Book - 1999 | 1st American ed
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Publisher: New York : Viking, c1999
Edition: 1st American ed
ISBN: 9780670887316
Branch Call Number: F COETZ-J
Characteristics: 220 p. ; 23 cm


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RogerDeBlanck Jul 27, 2018

In Coetzee’s most intense novel concerning his homeland of South Africa, he examines human frailty and the struggle to maintain personal morality and sanity in a country still trying to recover from the devastation wrought by the apartheid era. Coetzee’s main character, David Lurie, is a distinguished professor of classics at the University of Cape Town. When he is forced to resign his tenured position for reasons of misconduct, he seeks refuge at his daughter’s smallholding farm in the South African countryside. Then a life-altering event leads him to ponder the consequences of his own actions and behavior. The tumultuous backdrop of race relations in modern South Africa fuels this story of one man’s disgrace and his attempts at redemption. Using the immediacy of spare, clear language that has the power to sting like a burn, Coetzee constructs scenes that are indelible. Coetzee is recognized as one of the world’s greatest living writers, and Disgrace may be his greatest achievement.

Feb 17, 2017

A multi layered story of change and redemption. The author is a master wordsmith with an evocative style that builds great characterization with a wonderful narrative pace within great prose. Definitely worth reading.

TSCPL_ChrisB Jun 04, 2016

A disturbing book, sophisticated, light, and potentially offensive. Though Coetzee borders on alienating his readers, he does a fabulous job of handling the matter with grace. His prose is tight and evocative. Every time a lag is foreseeable in the narrative, Coetzee turns up the tension. Given the book's size and delicate pace, it is amazing in the end how much ground is actually covered.

Dec 15, 2014

A wonderfully written book that completely wraps itself around the issues of disgrace; for the disgraced and the observers of the disgraced.

WVMLStaffPicks Dec 06, 2014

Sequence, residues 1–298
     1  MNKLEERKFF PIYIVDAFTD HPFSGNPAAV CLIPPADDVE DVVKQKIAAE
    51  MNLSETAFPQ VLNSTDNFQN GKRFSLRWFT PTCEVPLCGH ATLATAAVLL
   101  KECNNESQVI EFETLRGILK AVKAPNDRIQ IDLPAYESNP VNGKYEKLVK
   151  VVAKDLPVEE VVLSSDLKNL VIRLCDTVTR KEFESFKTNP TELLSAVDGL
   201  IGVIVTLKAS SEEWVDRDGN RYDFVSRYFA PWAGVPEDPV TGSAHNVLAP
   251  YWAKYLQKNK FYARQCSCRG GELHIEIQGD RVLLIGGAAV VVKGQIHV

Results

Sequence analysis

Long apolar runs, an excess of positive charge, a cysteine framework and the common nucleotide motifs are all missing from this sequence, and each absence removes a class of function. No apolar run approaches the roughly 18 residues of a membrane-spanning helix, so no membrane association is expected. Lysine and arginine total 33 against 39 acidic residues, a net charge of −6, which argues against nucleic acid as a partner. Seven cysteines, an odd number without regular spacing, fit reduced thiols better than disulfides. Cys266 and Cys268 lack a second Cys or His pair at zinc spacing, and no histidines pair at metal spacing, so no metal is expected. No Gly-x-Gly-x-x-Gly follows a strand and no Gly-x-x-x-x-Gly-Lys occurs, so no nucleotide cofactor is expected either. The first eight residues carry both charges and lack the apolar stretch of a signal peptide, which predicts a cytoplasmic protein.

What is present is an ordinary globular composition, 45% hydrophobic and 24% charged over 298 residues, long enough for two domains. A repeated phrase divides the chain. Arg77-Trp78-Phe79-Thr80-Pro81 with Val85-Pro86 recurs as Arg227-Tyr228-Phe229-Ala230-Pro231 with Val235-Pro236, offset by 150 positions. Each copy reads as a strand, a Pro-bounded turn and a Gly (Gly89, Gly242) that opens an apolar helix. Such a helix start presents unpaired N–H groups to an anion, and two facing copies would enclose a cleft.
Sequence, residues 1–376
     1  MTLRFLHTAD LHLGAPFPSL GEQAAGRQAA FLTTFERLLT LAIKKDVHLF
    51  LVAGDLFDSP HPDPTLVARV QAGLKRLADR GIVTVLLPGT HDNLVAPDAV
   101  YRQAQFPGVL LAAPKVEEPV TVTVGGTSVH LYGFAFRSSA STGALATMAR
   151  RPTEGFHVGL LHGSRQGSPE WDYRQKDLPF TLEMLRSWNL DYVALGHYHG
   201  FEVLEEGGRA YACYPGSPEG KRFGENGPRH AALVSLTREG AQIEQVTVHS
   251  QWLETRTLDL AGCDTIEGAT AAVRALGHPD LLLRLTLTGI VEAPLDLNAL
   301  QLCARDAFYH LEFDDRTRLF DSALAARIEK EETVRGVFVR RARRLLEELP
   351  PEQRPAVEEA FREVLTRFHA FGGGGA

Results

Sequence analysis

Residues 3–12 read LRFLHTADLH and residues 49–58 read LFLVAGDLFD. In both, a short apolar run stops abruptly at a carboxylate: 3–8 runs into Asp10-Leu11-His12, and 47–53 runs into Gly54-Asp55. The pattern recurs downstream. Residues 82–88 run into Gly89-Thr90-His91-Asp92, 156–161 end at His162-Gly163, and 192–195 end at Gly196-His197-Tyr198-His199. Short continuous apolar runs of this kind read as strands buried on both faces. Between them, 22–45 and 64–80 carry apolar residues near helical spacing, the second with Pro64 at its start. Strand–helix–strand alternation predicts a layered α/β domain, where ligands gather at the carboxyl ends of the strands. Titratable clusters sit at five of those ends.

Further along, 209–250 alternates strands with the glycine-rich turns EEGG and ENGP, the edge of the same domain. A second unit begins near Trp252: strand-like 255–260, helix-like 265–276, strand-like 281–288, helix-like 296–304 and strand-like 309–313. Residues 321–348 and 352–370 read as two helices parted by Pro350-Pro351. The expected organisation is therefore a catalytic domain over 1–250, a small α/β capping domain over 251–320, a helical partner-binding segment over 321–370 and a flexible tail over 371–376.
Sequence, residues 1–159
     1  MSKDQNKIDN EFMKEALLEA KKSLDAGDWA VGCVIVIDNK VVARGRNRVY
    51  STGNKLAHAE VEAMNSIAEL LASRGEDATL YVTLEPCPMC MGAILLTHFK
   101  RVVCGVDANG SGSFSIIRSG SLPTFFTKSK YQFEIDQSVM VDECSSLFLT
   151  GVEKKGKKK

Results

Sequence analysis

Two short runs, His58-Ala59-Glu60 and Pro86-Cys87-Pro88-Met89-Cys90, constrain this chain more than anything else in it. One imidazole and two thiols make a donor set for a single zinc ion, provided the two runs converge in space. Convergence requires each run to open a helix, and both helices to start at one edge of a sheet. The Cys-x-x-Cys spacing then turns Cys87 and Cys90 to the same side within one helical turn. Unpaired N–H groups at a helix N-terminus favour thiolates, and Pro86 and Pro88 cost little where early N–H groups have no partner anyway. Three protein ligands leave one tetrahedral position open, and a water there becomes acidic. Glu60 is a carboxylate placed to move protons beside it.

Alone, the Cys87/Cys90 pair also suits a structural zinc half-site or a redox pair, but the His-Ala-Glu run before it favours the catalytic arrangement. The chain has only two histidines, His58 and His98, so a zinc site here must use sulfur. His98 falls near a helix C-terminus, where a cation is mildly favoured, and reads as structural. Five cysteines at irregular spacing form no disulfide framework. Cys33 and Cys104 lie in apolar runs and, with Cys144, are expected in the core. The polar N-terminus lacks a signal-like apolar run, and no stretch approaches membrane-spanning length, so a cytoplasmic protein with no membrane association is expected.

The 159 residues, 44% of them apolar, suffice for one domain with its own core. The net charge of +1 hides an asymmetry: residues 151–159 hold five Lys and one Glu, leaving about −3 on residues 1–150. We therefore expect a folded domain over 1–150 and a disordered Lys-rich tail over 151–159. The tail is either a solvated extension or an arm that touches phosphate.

Unprecedented second time winner of the Booker Prize—Coetzee describes the fall from grace of Cape Town Lothario, David Lurie, and his self-imposed exile on a remote farmstead owned by his daughter, Lucy. The improved nature of his relationship with Lucy is devastated by a brutal attack on the farm. Here is the dawning of the new South Africa with all its pain, guilt, fear and violence.

Mar 12, 2014

This is a fantastic book. I read it in one sitting. The only other book I've ever done that with is THE REMAINS OF THE DAY by Ishiguro. It's not just depressing. It's about . . . disgrace, in all its forms.

I should add, for people who shy away from books that deal with social problems, or that seem too political, or that seem to be tracts--this novel is a STORY, first. Always a story. Things happen that tap into "issues," but this isn't an "issues" book the way, say, Toni Anderson's are.

Oct 13, 2013

I think I learned something from this book, but I did not always understand the motivations of the characters.

George Nomikos Sep 17, 2013

A masterpiece by a Nobel Laureate on political, racial and personal disgraces

WVMLBookClubTitles Jun 17, 2013

Set in post-apartheid Cape Town, on a remote farm in the Eastern Cape, Disgrace is a heartbreaking novel about a university professor who courts disaster by seducing one of his students. He is left jobless and friendless, except for his daughter, who works her smallholding with her neighbour, an African farmer now on the way to a modest prosperity. His attempts to relate to his daughter and to a society with new racial complexities are disrupted by an afternoon of violence that changes him and his daughter in ways he could never have foreseen.

brianreynolds Mar 29, 2012

Talk about a book being "pregnant"! Well, Disgrace is that and more. J.M. Coetzee manages to spin a tale that churns from interesting to absorbing to gut-wrenching at the same time he digs sub-strata after sub-strata of thought-provoking depth. There is the concept of disgrace itself, a sharp right-hand turn out of nowhere that can leave a person on the wrong side of a double yellow line facing oncoming traffic. A middle aged professor with a nineteenth century libido sees his world collapse only a short time before his daughter's experiment with country living is turned upside down with her as the subject of everyone else's design. There are the scapegoats, real ones, an abandoned mutt to be euthanized, a brace of sheep to be eaten, a father and daughter to be branded and shunned by a society in turmoil. There are questions of race and colonialism that war between head and heart. There are the sticky, uncomfortable differences that push people apart, that they call "culture" and tiptoe around or strive to ignore. This is a book that makes me wish I'd been living close to a book club back in 1999; it's a book I think we could be chewing on still, and well worth the effort. If for no other reason than the sad fact true tragedies are rare in literature, this short book is worth not one read but several. There are characters with enough hubris to believe they could hang on to simple truths. There are communities in need of healing. There are actions that are as inhumane and inhuman as they seem to be necessary for life to go forward. There is hope.

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Nov 04, 2017

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Jun 16, 2012

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TSCPL_ChrisB Jun 06, 2016

When all else fails, philosophize.


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